AMD unveiled its Spider platform late last year, marrying quad-core processing power with high-capacity graphics performance. Tyrone Gruner, AMD product manager at technology distributor Ingram Micro South Africa, looks at why this is such an important announcement for the company.
For the uninitiated, Spider combines AMD Phenom quad-core processors, ATI Radeon 3800 series graphics, AMD 7-Series chipsets, and ATI CrossFireX platform technology on a desktop platform. It has been proven that the right combination of a solution is what will have a major impact on your system's performance, rather than just the performance of your processor.
With that in mind, AMD's Spider platform beats the competition hands down. AMD's advances in technology, such as having the memory controller integrated on the CPU and the DirectX 10.1 graphics offering from ATI, another industry first, makes this a perfect partnership.
However, the company has been positioning the platform as much more than just a gaming solution. After all, anyone who uses a computer understands the value of a good visual experience. Getting the balance right between the CPU, chipset, and graphics have almost proven to be as effusive as it has been difficult.
Technical difficulties notwithstanding, combining these components also make for a theoretically more expensive and power-hungry system. Hardly the stuff that make businesses who have come under increasing cost pressures jump for the opportunity to get in line for these systems.
With scalability at the forefront of the design process, AMD has taken these issues into consideration with Spider. Just about anyone from business users to media enthusiasts can adopt the platform and let the systems scale as their needs increase.
Some of the benefits OEMs and system builders derive from using an all-AMD platform include system longevity, and socket and BIOS compatibility. The flexibility to grow systems with up to four GPUs adds to the sustainability of the platform.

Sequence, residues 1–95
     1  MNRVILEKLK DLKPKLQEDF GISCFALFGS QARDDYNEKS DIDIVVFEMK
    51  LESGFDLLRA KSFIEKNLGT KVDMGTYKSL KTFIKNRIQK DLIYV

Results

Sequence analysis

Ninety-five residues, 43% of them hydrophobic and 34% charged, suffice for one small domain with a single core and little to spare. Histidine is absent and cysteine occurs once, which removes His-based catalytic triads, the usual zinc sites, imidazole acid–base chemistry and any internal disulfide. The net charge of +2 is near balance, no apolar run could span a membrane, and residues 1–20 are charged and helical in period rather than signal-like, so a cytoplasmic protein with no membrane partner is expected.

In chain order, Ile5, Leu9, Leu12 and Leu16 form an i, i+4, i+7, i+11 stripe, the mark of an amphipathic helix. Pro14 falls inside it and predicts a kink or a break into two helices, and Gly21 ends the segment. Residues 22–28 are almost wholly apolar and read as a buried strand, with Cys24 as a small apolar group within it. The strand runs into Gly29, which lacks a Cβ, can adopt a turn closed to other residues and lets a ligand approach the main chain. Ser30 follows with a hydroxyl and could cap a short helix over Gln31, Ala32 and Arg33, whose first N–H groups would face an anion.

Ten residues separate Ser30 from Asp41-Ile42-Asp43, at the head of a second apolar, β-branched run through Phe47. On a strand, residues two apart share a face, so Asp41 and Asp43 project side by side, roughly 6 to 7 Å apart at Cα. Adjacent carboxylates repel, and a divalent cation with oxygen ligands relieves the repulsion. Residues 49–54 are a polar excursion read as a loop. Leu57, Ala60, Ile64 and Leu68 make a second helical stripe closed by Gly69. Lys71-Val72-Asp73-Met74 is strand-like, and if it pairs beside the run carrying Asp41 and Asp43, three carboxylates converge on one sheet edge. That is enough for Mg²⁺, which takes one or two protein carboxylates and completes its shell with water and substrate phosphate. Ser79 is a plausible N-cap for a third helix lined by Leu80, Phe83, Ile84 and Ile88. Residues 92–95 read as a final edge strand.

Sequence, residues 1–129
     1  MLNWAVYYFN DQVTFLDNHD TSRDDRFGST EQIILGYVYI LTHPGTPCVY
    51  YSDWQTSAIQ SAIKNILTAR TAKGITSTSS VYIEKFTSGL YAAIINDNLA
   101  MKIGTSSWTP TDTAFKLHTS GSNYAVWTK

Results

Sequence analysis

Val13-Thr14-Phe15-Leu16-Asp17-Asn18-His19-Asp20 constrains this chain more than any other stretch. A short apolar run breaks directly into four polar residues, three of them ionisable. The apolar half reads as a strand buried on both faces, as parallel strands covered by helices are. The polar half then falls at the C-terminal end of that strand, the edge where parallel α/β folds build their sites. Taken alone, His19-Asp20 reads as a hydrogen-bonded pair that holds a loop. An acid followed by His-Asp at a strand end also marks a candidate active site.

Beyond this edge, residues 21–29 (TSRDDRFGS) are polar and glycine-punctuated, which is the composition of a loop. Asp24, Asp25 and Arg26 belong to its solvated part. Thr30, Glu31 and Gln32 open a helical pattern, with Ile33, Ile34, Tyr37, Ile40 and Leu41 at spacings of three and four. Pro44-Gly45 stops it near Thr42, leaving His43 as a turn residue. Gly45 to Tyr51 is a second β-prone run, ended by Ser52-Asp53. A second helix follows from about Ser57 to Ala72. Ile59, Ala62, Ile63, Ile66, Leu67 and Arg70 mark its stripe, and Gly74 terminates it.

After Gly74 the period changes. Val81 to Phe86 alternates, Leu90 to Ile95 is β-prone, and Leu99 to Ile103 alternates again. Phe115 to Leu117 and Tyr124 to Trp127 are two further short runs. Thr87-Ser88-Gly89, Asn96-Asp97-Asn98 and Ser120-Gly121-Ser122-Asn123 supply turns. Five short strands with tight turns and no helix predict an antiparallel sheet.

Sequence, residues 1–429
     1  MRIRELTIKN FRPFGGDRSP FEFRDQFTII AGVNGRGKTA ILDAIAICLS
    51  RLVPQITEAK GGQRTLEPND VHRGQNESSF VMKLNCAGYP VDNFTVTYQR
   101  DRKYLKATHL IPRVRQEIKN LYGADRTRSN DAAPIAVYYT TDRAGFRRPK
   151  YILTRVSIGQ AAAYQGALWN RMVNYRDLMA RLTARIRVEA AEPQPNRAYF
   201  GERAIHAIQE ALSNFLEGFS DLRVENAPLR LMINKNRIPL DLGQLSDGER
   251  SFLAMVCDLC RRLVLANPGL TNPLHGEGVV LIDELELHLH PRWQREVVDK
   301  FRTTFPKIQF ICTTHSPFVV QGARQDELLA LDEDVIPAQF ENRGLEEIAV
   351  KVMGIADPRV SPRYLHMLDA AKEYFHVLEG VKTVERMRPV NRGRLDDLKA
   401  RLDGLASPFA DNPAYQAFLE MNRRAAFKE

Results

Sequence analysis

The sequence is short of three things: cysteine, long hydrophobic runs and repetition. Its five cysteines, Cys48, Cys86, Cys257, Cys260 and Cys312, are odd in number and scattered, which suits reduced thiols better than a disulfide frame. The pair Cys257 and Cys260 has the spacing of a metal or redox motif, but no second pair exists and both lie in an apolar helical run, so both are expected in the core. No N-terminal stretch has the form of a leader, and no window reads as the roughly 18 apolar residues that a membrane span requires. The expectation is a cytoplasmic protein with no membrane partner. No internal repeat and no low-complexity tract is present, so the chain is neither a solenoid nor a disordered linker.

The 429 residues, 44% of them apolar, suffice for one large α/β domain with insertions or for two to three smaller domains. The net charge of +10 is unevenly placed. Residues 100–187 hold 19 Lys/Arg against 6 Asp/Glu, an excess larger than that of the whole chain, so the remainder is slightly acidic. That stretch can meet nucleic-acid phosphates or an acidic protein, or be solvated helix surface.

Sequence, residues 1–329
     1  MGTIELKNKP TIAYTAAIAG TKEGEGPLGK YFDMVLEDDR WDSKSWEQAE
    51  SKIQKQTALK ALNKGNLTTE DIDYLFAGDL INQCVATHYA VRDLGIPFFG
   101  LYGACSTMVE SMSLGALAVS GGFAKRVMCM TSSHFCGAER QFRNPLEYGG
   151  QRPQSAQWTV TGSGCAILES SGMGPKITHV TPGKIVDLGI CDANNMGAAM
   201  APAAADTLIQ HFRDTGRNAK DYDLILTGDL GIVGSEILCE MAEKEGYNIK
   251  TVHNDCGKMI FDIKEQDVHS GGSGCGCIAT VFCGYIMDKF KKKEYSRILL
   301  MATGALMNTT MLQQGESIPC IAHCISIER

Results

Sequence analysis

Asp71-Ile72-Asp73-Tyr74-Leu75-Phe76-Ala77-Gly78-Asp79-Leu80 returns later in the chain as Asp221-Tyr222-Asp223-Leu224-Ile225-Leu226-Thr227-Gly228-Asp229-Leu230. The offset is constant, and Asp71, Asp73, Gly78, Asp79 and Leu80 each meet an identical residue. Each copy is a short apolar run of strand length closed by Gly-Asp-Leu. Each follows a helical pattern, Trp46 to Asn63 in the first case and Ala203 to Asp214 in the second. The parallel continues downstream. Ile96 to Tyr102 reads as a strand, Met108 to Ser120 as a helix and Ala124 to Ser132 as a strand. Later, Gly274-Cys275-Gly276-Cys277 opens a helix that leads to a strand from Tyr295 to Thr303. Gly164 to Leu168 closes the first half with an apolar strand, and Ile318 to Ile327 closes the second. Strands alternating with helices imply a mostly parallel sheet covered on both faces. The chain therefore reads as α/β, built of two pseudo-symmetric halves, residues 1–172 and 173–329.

With the versatility that Spider offers, OEMs and system builders can develop a range of configuration options to cater for most business, consumers, and professional needs.
However, while the price and performance issues have been addressed, what about the inevitable increase in power consumption that such a platform requires? In designing Spider, AMD took cognisance of the energy efficiency demands of users and companies. Looking at average consumer and commercial usage patterns, Spider is able to consume an average power of 32W for consumers and 29W for commercial users.
More than anything, the company seems to be driving the performance-per-watt message with Spider. With the current electricity situation in the country seeming to be tenuous at best, the increased power efficiency of Spider would make the platform more appealing to corporate users.
As long as Spider is promising great performance at a decent price point with energy efficiency to match, it might not be such a bad idea to consider going the AMD route.